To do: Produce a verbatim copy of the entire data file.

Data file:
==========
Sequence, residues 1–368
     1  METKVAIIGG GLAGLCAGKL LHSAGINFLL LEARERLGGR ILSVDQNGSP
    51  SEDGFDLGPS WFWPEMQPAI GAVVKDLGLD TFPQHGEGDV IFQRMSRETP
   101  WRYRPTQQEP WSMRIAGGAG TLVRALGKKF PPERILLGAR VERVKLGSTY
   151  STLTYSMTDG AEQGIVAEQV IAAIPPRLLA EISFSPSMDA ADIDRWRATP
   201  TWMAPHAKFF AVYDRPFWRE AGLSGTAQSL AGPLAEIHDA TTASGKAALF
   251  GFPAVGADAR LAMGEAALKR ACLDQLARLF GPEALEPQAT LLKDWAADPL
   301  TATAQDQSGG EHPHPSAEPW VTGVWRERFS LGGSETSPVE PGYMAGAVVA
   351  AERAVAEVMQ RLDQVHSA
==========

Sequence, residues 1–368
     1  METKVAIIGG GLAGLCAGKL LHSAGINFLL LEARERLGGR ILSVDQNGSP
    51  SEDGFDLGPS WFWPEMQPAI GAVVKDLGLD TFPQHGEGDV IFQRMSRETP
   101  WRYRPTQQEP WSMRIAGGAG TLVRALGKKF PPERILLGAR VERVKLGSTY
   151  STLTYSMTDG AEQGIVAEQV IAAIPPRLLA EISFSPSMDA ADIDRWRATP
   201  TWMAPHAKFF AVYDRPFWRE AGLSGTAQSL AGPLAEIHDA TTASGKAALF
   251  GFPAVGADAR LAMGEAALKR ACLDQLARLF GPEALEPQAT LLKDWAADPL
   301  TATAQDQSGG EHPHPSAEPW VTGVWRERFS LGGSETSPVE PGYMAGAVVA
   351  AERAVAEVMQ RLDQVHSA